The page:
The U.S. Congress has not adopted a workers’ compensation statute applicable to seamen. This contrasts with federal workers’ compensation statutes created for federal workers (FECA) and longshore and harbor workers (LHWCA).
The differences between the remedies available under the federal statutes and those available to injured seamen are many and substantial. This blog briefly summarizes the remedies available to seamen who become sick or injured during their employment aboard vessels engaged in navigation on navigable waters.
Injured seamen have the potential for remedies under three different systems. The first is maintenance and cure. In terms of available remedies, this system most closely resembles state and federal workers’ compensation systems. Maintenance is lost wages and cure is medical care. The benefits are supposed to be provided without regard to fault and last until the injured seaman has reached maximum medical cure or maximum medical improvement. Maintenance and cure benefits are paid by the employer.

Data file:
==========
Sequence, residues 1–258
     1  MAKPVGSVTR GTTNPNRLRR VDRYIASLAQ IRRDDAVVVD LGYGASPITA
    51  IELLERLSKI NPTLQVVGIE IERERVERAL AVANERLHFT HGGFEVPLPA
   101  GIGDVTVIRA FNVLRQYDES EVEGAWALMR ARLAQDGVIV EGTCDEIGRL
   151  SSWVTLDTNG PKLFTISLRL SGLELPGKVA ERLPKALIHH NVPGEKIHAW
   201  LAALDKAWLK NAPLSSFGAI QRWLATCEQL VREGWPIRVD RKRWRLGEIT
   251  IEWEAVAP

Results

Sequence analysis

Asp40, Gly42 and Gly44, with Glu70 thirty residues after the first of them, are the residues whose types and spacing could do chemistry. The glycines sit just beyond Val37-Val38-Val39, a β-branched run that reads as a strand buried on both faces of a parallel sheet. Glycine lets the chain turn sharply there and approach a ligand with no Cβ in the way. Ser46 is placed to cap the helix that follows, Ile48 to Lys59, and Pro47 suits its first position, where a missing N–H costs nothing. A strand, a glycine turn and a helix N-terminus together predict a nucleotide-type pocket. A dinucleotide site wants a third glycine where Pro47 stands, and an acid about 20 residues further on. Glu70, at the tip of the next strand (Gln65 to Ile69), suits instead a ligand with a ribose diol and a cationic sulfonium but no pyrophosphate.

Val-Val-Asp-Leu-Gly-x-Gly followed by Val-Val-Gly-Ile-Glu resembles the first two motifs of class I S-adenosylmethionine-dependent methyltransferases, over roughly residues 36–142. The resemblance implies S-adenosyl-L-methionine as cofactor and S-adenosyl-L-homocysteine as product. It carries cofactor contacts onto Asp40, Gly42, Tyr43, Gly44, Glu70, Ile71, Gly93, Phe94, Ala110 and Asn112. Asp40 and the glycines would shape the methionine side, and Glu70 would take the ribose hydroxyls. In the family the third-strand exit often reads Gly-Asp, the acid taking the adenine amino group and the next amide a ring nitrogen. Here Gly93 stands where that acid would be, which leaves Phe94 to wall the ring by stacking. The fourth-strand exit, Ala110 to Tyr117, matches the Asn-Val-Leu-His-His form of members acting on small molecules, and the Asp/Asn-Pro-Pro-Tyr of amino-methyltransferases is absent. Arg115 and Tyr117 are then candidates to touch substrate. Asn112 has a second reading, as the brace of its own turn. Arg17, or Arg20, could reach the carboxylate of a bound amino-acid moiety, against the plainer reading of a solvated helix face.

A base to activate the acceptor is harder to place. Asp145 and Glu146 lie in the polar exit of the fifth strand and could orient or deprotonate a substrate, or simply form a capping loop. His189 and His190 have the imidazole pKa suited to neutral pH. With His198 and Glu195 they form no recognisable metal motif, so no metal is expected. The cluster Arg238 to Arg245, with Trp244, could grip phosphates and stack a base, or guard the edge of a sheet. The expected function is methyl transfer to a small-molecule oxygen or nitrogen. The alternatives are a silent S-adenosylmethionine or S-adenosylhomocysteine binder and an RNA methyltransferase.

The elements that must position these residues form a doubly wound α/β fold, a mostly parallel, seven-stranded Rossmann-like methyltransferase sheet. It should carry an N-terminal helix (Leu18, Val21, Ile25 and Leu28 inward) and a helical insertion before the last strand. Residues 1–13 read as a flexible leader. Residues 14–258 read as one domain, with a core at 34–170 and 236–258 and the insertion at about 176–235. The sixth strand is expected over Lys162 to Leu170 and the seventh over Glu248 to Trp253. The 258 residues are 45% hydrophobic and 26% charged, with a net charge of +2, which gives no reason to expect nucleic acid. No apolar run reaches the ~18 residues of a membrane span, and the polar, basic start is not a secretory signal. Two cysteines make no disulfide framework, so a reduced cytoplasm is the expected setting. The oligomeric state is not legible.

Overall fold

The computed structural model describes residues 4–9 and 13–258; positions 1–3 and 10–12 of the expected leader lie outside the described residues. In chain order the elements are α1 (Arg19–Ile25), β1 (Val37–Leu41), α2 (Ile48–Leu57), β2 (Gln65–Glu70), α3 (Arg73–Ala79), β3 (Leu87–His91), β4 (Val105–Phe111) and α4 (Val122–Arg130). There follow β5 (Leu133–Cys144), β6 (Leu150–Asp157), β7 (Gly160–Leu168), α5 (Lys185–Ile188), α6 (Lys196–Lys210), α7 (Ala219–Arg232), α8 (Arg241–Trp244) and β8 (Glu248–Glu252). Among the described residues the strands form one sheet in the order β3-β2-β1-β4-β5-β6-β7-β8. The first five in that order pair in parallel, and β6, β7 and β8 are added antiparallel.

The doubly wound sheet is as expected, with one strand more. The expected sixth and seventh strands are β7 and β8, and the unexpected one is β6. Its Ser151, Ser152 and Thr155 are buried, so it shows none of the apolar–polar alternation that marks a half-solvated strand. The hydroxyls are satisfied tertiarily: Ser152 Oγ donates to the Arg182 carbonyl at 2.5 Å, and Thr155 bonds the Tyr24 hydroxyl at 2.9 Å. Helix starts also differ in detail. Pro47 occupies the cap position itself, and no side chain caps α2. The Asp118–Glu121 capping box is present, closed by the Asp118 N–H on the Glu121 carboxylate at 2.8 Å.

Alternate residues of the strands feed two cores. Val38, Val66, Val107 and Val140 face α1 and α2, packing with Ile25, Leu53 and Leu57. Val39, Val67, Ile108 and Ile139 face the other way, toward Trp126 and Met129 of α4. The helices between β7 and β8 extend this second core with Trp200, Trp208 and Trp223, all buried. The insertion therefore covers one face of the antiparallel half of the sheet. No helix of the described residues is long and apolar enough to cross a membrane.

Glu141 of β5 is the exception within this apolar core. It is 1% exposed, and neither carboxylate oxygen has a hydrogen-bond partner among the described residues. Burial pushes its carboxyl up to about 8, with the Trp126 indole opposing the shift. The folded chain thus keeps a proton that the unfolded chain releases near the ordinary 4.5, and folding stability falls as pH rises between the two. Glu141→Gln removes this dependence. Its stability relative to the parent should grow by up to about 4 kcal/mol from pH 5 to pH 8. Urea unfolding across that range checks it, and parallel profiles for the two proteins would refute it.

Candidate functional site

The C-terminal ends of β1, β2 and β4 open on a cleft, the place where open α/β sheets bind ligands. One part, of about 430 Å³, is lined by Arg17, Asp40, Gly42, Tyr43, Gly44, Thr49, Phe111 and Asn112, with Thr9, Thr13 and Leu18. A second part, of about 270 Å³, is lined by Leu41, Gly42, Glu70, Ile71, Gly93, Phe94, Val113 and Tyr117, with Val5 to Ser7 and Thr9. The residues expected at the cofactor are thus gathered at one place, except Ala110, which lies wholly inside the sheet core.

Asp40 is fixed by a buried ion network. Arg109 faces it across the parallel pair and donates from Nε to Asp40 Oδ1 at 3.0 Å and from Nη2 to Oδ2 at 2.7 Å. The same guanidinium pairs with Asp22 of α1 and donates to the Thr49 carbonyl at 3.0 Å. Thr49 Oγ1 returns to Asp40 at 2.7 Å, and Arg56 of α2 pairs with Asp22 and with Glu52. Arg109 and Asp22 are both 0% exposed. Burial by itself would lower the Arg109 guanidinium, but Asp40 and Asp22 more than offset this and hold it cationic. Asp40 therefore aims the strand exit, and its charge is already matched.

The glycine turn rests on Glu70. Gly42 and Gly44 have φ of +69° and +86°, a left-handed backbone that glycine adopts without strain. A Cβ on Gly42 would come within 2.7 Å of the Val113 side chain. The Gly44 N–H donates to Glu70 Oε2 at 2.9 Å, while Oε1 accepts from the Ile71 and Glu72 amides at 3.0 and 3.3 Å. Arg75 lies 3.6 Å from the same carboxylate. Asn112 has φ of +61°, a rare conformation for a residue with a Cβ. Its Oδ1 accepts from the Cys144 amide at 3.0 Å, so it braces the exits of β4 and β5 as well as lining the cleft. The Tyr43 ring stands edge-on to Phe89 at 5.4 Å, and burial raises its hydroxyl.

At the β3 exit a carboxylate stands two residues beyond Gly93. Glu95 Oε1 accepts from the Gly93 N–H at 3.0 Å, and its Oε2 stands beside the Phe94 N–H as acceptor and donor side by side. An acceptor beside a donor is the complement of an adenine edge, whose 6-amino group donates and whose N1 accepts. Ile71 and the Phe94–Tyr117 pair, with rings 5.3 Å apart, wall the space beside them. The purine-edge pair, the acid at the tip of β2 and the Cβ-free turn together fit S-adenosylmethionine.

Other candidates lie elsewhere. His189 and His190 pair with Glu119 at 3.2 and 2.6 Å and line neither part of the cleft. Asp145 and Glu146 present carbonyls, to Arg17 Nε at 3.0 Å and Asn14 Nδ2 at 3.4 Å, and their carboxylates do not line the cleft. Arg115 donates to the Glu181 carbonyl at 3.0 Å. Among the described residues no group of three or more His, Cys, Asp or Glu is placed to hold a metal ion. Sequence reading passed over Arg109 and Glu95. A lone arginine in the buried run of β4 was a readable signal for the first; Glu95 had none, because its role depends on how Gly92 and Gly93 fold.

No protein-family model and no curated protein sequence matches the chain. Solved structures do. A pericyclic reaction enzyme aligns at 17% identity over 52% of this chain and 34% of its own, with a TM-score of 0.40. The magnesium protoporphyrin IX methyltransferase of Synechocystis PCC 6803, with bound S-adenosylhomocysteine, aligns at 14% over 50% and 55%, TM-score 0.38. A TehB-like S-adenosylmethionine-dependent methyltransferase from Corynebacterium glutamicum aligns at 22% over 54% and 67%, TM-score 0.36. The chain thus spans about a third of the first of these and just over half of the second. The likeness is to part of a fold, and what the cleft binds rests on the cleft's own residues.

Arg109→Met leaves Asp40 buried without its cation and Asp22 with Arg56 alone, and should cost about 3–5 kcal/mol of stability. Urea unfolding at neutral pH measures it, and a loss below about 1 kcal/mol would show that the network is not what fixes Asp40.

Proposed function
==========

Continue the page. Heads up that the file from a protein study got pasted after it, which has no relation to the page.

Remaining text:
The second system provides for compensation against the vessel owner under general maritime law. This is a negligence-based system. Vessel owners owe seamen a duty of providing a seaworthy vessel. To be compensated under this system, seamen must prove that an unseaworthy condition played a substantial part in bringing about or actually causing the injury, and that the injury was either a direct result or a reasonable probable consequence of the unseaworthiness.